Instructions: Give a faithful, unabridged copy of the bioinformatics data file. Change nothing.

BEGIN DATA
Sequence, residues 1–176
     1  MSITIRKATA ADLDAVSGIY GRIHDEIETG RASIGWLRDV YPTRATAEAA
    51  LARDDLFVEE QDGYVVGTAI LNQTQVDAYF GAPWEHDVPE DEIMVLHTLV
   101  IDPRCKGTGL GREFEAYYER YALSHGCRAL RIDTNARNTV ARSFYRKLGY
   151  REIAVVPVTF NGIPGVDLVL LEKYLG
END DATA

Sequence, residues 1–176
     1  MSITIRKATA ADLDAVSGIY GRIHDEIETG RASIGWLRDV YPTRATAEAA
    51  LARDDLFVEE QDGYVVGTAI LNQTQVDAYF GAPWEHDVPE DEIMVLHTLV
   101  IDPRCKGTGL GREFEAYYER YALSHGCRAL RIDTNARNTV ARSFYRKLGY
   151  REIAVVPVTF NGIPGVDLVL LEKYLG